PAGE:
Will dismisses these arguments in his rebuttal, noting that Kagan, as a professor of classics at Yale, is a man accustomed to the company of gods. (Kagan’s article and Will’s response also appear in Will’s 1998 compilation of baseball essays, Bunts.) For men without gods for fathers, Will suggests, the modest baseball achievements that spring from thought, experience, and perception provide a sufficiently satisfying and heroic spectacle.

Will reasons carefully and intelligently, but Kagan wins the debate. We may watch individual baseball games to enjoy contemplative, strategic play, but unlikely heroic exploits inspire us to pass the tradition of baseball on to our children. Heroism cements the irrational attachment from which abiding love springs. Sturdy, determined players who make the most of their skills will always have a prominent role to play, but in the end they are the squires to the Lancelots and Galahads of the game. The four thousandth stolen base, the three thousandth game started — our minds tell us that these milestones are important. But a game-winning home run? A diving catch to save a perfect game? A headfirst slide into home? Those accomplishments speak to the heart of heroism.

Enhanced Heroism?

In light of recent developments in the fields of genetic engineering and performance-enhancing drugs, all professional sports are beginning to confront the problem of the asterisk. We already know about steroids, erythropoietin (EPO), and human growth hormone, but we are not fully prepared for the next age of technologies, such as genetically-enhanced muscle mass (already happening in mice) and genetic testing of human embryos for advantageous genes. Press reports recently told of an anonymous boy in Germany whose DNA was found to contain a code exceptionally favorable to the development of large muscle mass, according to German scientists who obtained a sample of the boy’s DNA through random testing. If scientists can isolate a gene uniquely beneficial to sports performance, they may eventually be able to manipulate the genes of others into copying that favorable gene.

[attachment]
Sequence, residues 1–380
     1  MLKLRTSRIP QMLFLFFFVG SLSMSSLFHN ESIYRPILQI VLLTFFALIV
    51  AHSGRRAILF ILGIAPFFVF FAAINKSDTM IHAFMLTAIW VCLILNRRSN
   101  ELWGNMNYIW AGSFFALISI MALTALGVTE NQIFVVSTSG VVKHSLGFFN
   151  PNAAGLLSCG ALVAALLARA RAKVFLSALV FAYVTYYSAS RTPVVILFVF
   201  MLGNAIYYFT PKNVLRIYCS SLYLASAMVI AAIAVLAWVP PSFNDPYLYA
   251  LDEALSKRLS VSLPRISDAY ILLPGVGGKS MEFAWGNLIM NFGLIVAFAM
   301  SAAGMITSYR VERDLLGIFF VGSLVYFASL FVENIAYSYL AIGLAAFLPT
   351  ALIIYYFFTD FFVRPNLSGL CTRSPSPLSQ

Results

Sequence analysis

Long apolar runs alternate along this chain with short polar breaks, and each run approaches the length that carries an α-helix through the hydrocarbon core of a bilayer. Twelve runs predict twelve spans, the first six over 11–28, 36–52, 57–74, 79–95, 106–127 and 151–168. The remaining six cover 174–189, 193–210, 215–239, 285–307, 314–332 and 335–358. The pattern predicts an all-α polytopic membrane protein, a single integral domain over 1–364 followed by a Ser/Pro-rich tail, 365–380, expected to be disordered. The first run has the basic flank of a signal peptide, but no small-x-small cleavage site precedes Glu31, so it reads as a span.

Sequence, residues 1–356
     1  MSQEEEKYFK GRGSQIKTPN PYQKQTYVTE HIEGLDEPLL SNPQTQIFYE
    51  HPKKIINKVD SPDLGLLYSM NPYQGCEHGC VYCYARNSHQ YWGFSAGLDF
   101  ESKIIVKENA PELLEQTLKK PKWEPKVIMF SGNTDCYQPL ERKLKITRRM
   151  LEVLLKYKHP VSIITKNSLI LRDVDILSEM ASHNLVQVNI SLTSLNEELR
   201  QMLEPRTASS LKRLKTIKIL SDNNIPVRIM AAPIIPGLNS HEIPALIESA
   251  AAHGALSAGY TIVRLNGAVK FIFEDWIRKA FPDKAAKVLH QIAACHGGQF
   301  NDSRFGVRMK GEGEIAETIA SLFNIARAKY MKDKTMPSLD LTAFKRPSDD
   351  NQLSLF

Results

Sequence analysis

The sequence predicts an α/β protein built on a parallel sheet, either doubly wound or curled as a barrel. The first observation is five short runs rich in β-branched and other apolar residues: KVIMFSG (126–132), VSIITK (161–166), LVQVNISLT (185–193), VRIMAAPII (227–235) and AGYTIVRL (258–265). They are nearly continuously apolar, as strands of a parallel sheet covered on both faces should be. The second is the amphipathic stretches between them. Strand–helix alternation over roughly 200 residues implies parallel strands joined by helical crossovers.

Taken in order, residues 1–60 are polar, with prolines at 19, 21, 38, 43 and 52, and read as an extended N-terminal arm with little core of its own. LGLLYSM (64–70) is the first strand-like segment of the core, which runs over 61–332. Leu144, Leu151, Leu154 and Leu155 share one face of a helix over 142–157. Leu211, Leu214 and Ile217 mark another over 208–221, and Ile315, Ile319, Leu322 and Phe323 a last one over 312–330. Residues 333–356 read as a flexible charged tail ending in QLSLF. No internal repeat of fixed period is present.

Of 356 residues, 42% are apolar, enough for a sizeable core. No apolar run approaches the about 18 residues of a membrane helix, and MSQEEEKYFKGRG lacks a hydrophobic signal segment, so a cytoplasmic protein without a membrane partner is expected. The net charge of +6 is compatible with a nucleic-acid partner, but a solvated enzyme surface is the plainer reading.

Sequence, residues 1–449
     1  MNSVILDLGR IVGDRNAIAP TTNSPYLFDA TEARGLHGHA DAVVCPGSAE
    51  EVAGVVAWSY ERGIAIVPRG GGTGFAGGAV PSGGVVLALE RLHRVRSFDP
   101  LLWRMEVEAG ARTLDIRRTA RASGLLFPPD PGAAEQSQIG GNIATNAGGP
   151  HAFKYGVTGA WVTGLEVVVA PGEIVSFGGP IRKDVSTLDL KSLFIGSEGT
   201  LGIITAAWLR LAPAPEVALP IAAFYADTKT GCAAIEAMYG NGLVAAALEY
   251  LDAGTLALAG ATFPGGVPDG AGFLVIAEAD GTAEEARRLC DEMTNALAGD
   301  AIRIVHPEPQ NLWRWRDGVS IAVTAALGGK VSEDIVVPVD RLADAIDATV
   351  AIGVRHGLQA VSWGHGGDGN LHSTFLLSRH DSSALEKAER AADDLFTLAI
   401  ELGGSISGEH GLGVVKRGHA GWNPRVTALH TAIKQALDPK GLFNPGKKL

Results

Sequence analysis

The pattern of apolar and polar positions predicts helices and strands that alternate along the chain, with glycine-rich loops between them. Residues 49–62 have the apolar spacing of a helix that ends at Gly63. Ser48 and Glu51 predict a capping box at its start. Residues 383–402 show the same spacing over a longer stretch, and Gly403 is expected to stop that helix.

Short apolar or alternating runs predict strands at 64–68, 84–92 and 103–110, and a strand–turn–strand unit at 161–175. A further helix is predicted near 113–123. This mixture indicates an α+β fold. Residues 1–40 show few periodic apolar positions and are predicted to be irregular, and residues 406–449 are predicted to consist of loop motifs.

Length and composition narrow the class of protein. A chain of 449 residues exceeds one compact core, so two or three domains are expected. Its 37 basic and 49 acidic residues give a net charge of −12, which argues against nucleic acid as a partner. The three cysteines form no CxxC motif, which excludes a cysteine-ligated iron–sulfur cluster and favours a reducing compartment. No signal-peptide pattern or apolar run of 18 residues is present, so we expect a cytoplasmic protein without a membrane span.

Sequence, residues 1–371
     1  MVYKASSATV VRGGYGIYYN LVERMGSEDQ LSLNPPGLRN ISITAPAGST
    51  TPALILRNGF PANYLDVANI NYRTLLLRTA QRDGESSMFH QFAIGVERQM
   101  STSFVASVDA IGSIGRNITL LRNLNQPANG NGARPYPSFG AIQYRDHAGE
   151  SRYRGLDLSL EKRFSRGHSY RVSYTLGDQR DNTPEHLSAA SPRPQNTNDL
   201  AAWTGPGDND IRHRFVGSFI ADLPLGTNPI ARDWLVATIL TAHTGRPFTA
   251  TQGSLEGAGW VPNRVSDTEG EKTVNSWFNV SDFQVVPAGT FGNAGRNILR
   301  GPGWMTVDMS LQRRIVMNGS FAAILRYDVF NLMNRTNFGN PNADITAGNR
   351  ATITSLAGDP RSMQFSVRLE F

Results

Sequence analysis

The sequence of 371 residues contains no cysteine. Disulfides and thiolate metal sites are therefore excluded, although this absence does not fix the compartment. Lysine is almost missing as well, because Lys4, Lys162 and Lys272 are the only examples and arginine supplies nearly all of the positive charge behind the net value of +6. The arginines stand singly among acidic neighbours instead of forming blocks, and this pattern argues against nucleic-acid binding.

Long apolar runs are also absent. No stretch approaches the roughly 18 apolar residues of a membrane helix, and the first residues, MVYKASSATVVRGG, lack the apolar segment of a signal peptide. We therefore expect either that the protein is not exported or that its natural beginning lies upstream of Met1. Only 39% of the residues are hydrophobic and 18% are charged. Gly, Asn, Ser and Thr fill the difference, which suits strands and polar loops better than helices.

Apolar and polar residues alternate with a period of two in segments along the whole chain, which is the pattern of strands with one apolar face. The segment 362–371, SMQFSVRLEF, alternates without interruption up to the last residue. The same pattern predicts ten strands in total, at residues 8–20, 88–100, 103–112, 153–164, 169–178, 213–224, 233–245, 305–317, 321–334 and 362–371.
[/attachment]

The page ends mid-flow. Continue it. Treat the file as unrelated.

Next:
Surely, a lucrative market for such manipulation would exist among parents desperate to bring a future sports star into the world or teenagers desperate to become sports stars themselves. If that German boy grows up to be a professional weightlifter, how should his achievements be compared to those of athletes lacking the favorable gene? Should we celebrate athletes who are essentially freaks of nature? Are all great athletes freaks of nature, with genetic predispositions and thus phenotypic possibilities unlike the rest of us? And if so, why not supplement the random advantages of nature with the deliberate advantages of science?

The speed with which new enhancements are created will probably outstrip the ability of science to detect their use. The desire of athletes to excel will propel the creation of novel enhancements — and the intensity of that desire will far outweigh the desire of sports authorities to detect such modifications. And what possible test could detect the presence of artificially-induced genes favorable to sports? Should such genes be “banned?” How? And what kind of screening ought to be done for individuals who possess such genes naturally? The answers to such questions have ramifications that extend far beyond the world of sports. Such questions cast a shadow upon the possibility of heroism itself.

An era that lacks unambiguous heroes is an era that lacks confidence in its own worth; it is an era prone to cynicism and the veneration of anti-heroes. And ours is certainly an age with an ambivalent attitude toward heroism. The foibles of our would-be heroes are trumpeted on television, and those who aspire to heroism find themselves the target of merciless scrutiny. Our world aches for great leaders to set it right, yet overflows with cynicism towards any man who volunteers for great leadership. And such cynicism is often justified, since public relations gurus create make-believe heroes as easily as the tabloids destroy real ones. In light of such self-defeating beliefs and realities, who can be surprised that our political, cultural, and artistic worlds are so divisive and fragmented? Contemporary culture is a graveyard for heroes of every kind.

The very idea of the heroic exists in tension with the egalitarian and libertarian impulses that now hold sway in Western society. We often resent the presence of those whose abilities and achievements hint at the presence of a natural aristocracy, to which some belong and others do not. How unfair that heroes alone should be heroic! This perception of unfairness is particularly ironic, for although genetic enhancements and chemical treatments offer ordinary people the choice to possess “heroic” qualities, it is the very chosen nature of such enhancements that dilutes the quality of future heroism.

The Sources of Merit